Homeland Security chief defends not raising threat level after bin Laden death

Several senators criticized Homeland Security Secretary Janet Napolitano on Wednesday for not raising the country’s threat alert level in the wake of Osama bin Laden’s killing. 

Napolitano, testifying before the Senate Homeland Security and Governmental Affairs Committee, said there was no credible or specific threat to the U.S., but that the agency had taken heightened measures to guard against possible attacks. 

Napolitano said she is prepared to raise the nation’s alert level if any credible threats emerge, and added that the Department of Homeland Security (DHS) is monitoring the analysis of information seized at bin Laden’s compound on a real-time basis. 

“We continue to review on an ongoing basis all material seized during the operation, as well as new intel that may be coming in, and I stand ready to issue an alert should intel or information emerge that warrants it under the new advisory system,” said Napolitano. 

But the committee’s ranking Republican, Sen. Susan CollinsSusan Margaret CollinsOvernight Tech: Judge blocks AT&T request for DOJ communications | Facebook VP apologizes for tweets about Mueller probe | Tech wants Treasury to fight EU tax proposal Overnight Regulation: Trump to take steps to ban bump stocks | Trump eases rules on insurance sold outside of ObamaCare | FCC to officially rescind net neutrality Thursday | Obama EPA chief: Reg rollback won't stand FCC to officially rescind net neutrality rules on Thursday MORE (Maine), pressed Napolitano on the issue, saying that raising the alert level makes sense given the widespread sentiment that the U.S. is especially vulnerable to an attack after killing bin Laden. 

“I’m wondering why we’re not increasing the threat level,” Collins said. “It seems to me that until a further assessment is conducted of the intelligence, including a full exploitation of the material and data seized at the compound at which Osama bin Laden was living, that it would be prudent to increase the threat level ... to acknowledge that we are in a situation where we are at risk.”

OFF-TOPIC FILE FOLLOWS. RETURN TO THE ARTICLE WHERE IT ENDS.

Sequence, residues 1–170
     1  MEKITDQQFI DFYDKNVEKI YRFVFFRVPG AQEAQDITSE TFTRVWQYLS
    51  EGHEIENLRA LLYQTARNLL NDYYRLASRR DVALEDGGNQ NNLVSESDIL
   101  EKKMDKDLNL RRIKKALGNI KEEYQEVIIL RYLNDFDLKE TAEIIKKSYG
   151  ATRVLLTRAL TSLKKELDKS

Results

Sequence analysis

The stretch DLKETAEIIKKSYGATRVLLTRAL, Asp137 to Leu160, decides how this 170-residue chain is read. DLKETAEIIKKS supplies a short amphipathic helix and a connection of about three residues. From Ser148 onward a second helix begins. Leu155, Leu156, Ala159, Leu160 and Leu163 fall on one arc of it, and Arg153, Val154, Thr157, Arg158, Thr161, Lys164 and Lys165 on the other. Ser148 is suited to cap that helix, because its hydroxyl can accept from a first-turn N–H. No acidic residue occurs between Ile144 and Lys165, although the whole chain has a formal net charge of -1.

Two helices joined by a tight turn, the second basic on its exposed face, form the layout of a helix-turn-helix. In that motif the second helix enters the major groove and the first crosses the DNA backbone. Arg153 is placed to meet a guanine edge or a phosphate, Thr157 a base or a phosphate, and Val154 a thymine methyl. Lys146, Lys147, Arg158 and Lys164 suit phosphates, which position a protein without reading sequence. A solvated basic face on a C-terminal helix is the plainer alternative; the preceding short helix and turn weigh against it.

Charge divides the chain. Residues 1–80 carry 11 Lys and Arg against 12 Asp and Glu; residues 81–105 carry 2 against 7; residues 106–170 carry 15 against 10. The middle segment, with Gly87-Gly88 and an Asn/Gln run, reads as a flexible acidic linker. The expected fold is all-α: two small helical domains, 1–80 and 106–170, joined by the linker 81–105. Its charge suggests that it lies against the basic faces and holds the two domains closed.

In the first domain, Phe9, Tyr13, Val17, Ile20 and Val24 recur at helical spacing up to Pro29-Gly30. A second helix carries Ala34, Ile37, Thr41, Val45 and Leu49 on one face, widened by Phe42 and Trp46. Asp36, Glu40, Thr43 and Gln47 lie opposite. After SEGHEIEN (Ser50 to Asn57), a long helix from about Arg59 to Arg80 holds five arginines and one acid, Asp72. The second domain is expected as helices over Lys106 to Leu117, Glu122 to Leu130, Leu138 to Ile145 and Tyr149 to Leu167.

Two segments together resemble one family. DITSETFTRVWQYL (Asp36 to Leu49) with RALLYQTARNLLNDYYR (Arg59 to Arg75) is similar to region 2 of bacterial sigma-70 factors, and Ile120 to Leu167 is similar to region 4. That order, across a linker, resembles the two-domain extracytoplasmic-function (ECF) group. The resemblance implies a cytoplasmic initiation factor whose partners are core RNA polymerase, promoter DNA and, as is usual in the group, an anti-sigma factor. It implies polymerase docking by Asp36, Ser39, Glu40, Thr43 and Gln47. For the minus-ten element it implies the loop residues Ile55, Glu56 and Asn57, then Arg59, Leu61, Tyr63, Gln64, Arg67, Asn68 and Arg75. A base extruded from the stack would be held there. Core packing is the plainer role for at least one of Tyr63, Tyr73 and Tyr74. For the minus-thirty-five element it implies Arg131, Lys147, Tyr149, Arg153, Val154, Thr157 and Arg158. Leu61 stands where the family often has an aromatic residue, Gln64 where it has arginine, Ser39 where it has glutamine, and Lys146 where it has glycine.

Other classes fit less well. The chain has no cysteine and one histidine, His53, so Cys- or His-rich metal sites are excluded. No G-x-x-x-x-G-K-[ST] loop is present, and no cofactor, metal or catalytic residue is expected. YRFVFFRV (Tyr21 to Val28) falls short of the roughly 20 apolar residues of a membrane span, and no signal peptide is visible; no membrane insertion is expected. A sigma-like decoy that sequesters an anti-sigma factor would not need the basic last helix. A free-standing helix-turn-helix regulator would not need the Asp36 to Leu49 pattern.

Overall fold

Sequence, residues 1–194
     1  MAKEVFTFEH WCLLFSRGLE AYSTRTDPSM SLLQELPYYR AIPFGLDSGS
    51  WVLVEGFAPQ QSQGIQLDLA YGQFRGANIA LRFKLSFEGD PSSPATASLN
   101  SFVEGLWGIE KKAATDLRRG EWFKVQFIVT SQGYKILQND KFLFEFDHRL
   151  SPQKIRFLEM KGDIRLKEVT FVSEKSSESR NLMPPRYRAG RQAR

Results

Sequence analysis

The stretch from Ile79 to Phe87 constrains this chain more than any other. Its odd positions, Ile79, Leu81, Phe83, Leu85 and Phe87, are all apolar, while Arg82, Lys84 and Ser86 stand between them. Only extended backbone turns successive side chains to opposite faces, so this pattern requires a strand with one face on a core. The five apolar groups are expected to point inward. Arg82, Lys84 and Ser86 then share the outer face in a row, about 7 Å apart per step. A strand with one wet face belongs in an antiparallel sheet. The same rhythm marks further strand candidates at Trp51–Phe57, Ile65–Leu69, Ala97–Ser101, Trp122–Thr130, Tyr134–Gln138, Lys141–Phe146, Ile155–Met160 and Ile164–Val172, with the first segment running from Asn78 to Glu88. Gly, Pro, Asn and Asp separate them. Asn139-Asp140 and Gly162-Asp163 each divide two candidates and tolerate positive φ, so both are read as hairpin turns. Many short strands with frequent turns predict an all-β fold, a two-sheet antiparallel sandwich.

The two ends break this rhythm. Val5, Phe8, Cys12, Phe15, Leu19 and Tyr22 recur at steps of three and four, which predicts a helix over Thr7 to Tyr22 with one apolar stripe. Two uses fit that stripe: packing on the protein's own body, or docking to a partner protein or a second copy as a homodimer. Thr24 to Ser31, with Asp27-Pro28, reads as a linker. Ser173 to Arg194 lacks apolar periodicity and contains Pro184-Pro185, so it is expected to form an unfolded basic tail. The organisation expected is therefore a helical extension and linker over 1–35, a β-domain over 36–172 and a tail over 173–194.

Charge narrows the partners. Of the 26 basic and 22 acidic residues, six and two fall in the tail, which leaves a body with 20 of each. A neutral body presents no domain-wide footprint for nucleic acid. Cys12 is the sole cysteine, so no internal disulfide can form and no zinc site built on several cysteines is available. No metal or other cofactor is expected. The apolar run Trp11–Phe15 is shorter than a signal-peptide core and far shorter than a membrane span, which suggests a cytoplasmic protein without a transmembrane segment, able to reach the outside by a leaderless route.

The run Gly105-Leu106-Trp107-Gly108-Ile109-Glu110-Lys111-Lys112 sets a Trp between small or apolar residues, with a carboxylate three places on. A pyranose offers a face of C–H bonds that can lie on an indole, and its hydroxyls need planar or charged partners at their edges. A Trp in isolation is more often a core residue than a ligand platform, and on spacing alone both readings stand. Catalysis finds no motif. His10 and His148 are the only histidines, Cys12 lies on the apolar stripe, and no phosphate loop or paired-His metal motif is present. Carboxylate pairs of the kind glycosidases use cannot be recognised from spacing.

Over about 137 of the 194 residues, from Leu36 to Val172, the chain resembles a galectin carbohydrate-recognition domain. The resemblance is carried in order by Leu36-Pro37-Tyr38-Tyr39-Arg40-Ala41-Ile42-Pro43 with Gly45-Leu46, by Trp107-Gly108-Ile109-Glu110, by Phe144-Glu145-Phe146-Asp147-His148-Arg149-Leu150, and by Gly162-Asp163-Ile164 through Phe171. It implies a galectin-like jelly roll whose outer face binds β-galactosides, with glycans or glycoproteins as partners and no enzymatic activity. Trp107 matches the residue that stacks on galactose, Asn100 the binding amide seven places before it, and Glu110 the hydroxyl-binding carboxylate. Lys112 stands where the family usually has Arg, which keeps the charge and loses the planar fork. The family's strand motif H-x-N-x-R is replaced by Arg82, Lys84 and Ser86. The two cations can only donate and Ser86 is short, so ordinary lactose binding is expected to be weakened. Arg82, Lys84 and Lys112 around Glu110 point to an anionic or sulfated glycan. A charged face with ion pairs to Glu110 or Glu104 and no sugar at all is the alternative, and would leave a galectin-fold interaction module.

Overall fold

Collins referenced Director of the National Counterterrorism Center Michael Leiter’s comments earlier this week, in which he said U.S. intelligence agencies were concerned about retaliatory attacks against the U.S. for the killing of bin Laden. Leiter said, however, that no specific plots had been discovered as of that time.

The oft-criticized color-coded threat advisory system was replaced last week by the new National Terrorism Advisory System, which functions from a baseline understanding that the U.S. is always under the threat of attack and therefore always on alert.

If a specific threat emerges, however, the alert level can be raised to an “elevated” status, or, if the specific threat grows, an “imminent” status. 

Sen. Tim JohnsonTimothy (Tim) Peter JohnsonCourt ruling could be game changer for Dems in Nevada Bank lobbyists counting down to Shelby’s exit Former GOP senator endorses Clinton after Orlando shooting MORE (D-S.D.) objected to DHS’s decision not to change the country’s threat level after bin Laden’s killing, saying that if the alert level never changes, then the American public won’t be able to trust the system. 

“The purpose of an advisory system is to advise the public when something has changed,” said Johnson. “If we’re always on the same constant level of alert that just degrades over time — I’m just kind of scratching my head.” 

Napolitano said that if a specific threat to the U.S. is uncovered, under the new advisory system, people would be told what the threat is, what they can do to help DHS stop the threat and where they can go for updated information about the threat. 

Following bin Laden’s killing, DHS deployed additional officers and resources to critical areas of the country, such as large airports and ports of entry. DHS has also been, in conjunction with the FBI, “reviewing all open cases” of potential al Qaeda operatives possibly in the United States, Napolitano said.

DHS also issued advisories to the numerous fusion centers throughout the country, as well as to chief intelligence commanders of major cities, private-sector critical infrastructure owners and other law enforcement officials.

And the agency “is continuing to strengthen its recurrent vetting for visa, asylum and other benefit applicants and recipients in cooperation with the intel community,” Napolitano said.

This story was posted at 2:33 p.m. and updated at 7:36 p.m.